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In his new book, former police officer and security consultant, Marc Goodman takes readers deep into the digital underground to expose the alarming ways criminals, corporations, and even countries, are using new and emerging technologies against you. Learn more
Andrew French was born in Derby in 1964. Raised in Grantham, Lincolnshire he spent most of his career in the Funeral Service. Qualifying as a Funeral Director in 1988, Andrew went on to become the Managing Director of a large independent funeral group. Andrew is married to Alison - they have five children and live in rural Leicestershire.
Following a period at home to care for his youngest son he wrote his first spy novel, Assassin's Run, in 2011 - the first of the Michael Prentiss stories which chronicles how a young man about to join the British Army is reluctantly drawn into the shadowy world of espionage and assassination.
All 5 novels in the Michael Prentiss series, Assassin's Run, The Ares File, Personal Retributions, Rules of the Game and At All Costs are also available in both Kindle edition and paperback.
Maybe it's me and British mysteries. They're so convoluted, with so many characters, I started having a hard time keeping everyone straight. Also, it takes too long to get going. The Ares file is lost in the plot.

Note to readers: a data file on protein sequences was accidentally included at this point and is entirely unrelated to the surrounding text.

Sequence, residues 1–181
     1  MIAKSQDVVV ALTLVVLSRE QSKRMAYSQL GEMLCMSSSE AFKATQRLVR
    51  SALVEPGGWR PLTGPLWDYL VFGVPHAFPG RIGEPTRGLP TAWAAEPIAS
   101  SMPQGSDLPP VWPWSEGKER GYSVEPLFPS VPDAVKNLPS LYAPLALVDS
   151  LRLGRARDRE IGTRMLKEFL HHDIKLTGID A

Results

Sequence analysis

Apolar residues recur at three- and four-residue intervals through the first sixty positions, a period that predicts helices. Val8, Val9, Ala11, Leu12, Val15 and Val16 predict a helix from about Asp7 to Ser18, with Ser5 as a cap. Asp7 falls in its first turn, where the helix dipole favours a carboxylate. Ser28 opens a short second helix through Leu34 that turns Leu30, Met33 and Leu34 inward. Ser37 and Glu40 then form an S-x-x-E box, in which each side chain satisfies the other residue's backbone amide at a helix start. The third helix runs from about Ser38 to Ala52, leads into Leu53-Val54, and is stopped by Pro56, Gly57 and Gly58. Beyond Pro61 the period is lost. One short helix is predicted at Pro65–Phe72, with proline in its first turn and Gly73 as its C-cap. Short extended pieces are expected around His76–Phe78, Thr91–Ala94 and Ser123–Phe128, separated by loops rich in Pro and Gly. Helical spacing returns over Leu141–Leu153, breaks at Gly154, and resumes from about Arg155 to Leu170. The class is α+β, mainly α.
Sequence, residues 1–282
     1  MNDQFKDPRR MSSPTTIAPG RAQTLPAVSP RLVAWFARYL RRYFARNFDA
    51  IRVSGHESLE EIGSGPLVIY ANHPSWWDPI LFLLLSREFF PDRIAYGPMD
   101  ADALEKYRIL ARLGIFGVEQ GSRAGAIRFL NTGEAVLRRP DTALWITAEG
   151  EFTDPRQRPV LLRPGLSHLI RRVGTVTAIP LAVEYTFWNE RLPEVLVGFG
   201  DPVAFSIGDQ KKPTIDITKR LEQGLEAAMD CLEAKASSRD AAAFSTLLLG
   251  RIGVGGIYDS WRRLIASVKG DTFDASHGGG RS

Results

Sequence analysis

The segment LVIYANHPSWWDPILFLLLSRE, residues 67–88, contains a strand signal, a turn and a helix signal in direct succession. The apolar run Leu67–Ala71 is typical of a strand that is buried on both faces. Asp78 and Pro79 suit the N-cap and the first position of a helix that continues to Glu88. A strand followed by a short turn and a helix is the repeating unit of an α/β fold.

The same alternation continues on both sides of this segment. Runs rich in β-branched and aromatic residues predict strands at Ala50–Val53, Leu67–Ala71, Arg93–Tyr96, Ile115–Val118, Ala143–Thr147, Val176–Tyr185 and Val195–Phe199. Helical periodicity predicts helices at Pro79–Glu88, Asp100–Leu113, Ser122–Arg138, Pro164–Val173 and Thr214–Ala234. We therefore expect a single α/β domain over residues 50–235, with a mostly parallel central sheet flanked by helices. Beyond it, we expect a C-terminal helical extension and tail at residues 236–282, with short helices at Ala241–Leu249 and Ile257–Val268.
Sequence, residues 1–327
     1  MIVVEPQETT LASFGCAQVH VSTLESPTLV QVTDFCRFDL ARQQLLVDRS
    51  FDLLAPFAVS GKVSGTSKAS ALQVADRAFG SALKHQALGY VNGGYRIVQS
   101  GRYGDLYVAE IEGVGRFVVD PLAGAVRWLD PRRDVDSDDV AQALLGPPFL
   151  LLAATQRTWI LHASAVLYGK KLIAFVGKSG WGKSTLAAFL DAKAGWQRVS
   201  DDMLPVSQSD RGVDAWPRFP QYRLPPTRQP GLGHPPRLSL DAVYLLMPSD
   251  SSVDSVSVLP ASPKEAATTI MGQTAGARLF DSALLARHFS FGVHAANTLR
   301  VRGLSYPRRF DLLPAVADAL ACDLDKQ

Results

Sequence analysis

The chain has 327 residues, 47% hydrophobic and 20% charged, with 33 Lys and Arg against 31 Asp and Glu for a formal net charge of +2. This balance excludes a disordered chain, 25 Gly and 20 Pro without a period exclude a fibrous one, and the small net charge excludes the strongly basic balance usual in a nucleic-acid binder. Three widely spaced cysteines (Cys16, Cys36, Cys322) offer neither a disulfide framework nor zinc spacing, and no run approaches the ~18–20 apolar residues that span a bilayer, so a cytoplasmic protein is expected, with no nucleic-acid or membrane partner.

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I like to boast that I'll read anything. And it's true. But I don't enjoy all genres equally. Spy stories and westerns are rough going for me. I have to make a commitment and dig in. The Ares File had me enthralled from page one. This is the second of the Michael Prentiss Stories by Andrew French. The action takes place about four years after the events in Assassin's Run--another great read.
Without spoiling the plot, the conflict concerns a minor character from the first book who has now come up in the world and wants to make sure his involvement in the earlier scandal doesn't become public knowledge. As usual French works magic with character development. We see this rather weak, unsure individual slowly develop into an arrogant monster willing to destroy anything and anyone, including what he once loved most, for personal glory.
Michael Prentiss is one of several individuals dragged into a deadly game of cat an mouse with a hired killer--a fabulously psychopathic creation by the way. Can the good guys stay alive long enough to neutralize the threat and root out the person pulling the strings? The plot twists and coils, taking the reader across the United Kingdom, to France, the U.S. and beyond, all at breakneck pacing.
As good as Assassin's Run was, I liked The Ares File even more. When I read the first book, it was falling in love with young Michael Prentiss--following his coming of age and loss of innocence--that grabbed and held me. This time around, Michael Prentiss (as sympathetic and "human" as ever) doesn't appear until the story has already begun unfolding. This says something about the growth and development of the author. His main character is not holding up the entire fictional universe.Read more ›
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